Recently I read this off season sales-related short story: “I was 23 years old when I started my chimney cleaning business. I ran into another chimney sweep one day in April on Queen Anne Hill in Seattle. April is a slow month for chimney sweeps. As we talked (he was covered in creosote and had just finished cleaning a chimney) he asked me why I wasn’t working.”

“It’s slow, I said. Nobody cares about their chimneys in April.”

“He looked at me as if I had two heads. That’s simply not true. If you knock on enough doors, you will have all the business you can handle. He went on to tell me that after every chimney he cleans, he knocks on 25 doors. He hands out business cards until someone says yes to his offer. It was a paradigm shift for me. From that day forward I convinced my repeat customers to let me clean their stoves and chimneys in the spring leaving time in the fall for adding new customers. Now I knock on 25 doors after every cleaning, and business is booming.”

Similarly, I (Doug) constantly remind salespeople that they must prospect tirelessly in order to keep their pipelines full. That’s the only way to avoid going out of business. My mantra is, “You can’t close it until you propose it, and you can’t propose it until you expose it.”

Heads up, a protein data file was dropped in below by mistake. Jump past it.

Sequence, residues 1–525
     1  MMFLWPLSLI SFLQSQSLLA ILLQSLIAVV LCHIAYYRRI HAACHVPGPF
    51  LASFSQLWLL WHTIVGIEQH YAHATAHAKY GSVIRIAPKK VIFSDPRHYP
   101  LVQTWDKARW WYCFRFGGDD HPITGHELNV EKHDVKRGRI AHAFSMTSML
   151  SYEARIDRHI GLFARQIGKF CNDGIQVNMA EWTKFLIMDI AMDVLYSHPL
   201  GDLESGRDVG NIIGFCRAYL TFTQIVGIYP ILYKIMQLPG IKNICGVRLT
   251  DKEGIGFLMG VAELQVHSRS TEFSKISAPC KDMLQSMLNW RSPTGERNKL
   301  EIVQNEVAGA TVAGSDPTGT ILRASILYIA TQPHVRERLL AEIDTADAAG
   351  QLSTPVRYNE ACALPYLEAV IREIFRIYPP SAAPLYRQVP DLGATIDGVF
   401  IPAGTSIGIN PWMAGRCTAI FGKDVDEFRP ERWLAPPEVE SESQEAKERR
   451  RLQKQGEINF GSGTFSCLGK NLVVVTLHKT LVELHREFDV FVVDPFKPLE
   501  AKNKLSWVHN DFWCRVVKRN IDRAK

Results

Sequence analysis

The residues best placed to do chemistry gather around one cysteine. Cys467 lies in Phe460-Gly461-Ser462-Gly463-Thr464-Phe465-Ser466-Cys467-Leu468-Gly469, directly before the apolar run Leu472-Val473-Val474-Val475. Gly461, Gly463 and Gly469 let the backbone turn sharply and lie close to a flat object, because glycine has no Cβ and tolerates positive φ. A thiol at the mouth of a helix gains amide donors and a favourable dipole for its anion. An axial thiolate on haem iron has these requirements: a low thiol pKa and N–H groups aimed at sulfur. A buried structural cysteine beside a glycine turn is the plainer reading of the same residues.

Blue collar sellers too often become addicted to market leads provided by their companies and morph into order takers rather than salespeople. Like it or not, the off-season is here and your new market lead count has plunged from what it was a few short months ago.

King Solomon, the wisest man to ever live said it this way over 3,000 years ago:

“What has been will be again,
What has been done will be done again;
There is nothing new under the sun.”

That statement relates to the blue collar selling profession by reminding sellers that winter comes every year. Market leads will get sparse every year. These are not new, unheard of concepts. YOU must prepare by going overboard to generate more leads and find more people to talk with about your services during this part of the year.

A successful sales manager challenged his people to “double their failure rate.” He said if they would see twice as many people over the next six months they would learn everything necessary to become successful. During that journey he recommended they ask themselves after every touch, call, and presentation: “What did I do well?” and, “What could I improve?” By following that example it won’t take long for you to become a top producer at your company.


So don’t allow the lousy weather and early evening darkness to plant seeds of discouragement and depression over you. Be tough enough to fight through these roadblocks and resist packing it in and going home early and empty-handed. These tips will help you avoid getting caught up in the death spiral that sweeps most salesrooms this time of year.

————Ready to Stop Struggling? ————

Whether you want to hire Doug for sales coaching or you prefer to do it yourself, you should check out Doug’s website to see his suggestions for your customer service and sales dilemmas.



©2019 Robinson Training Solutions, LLC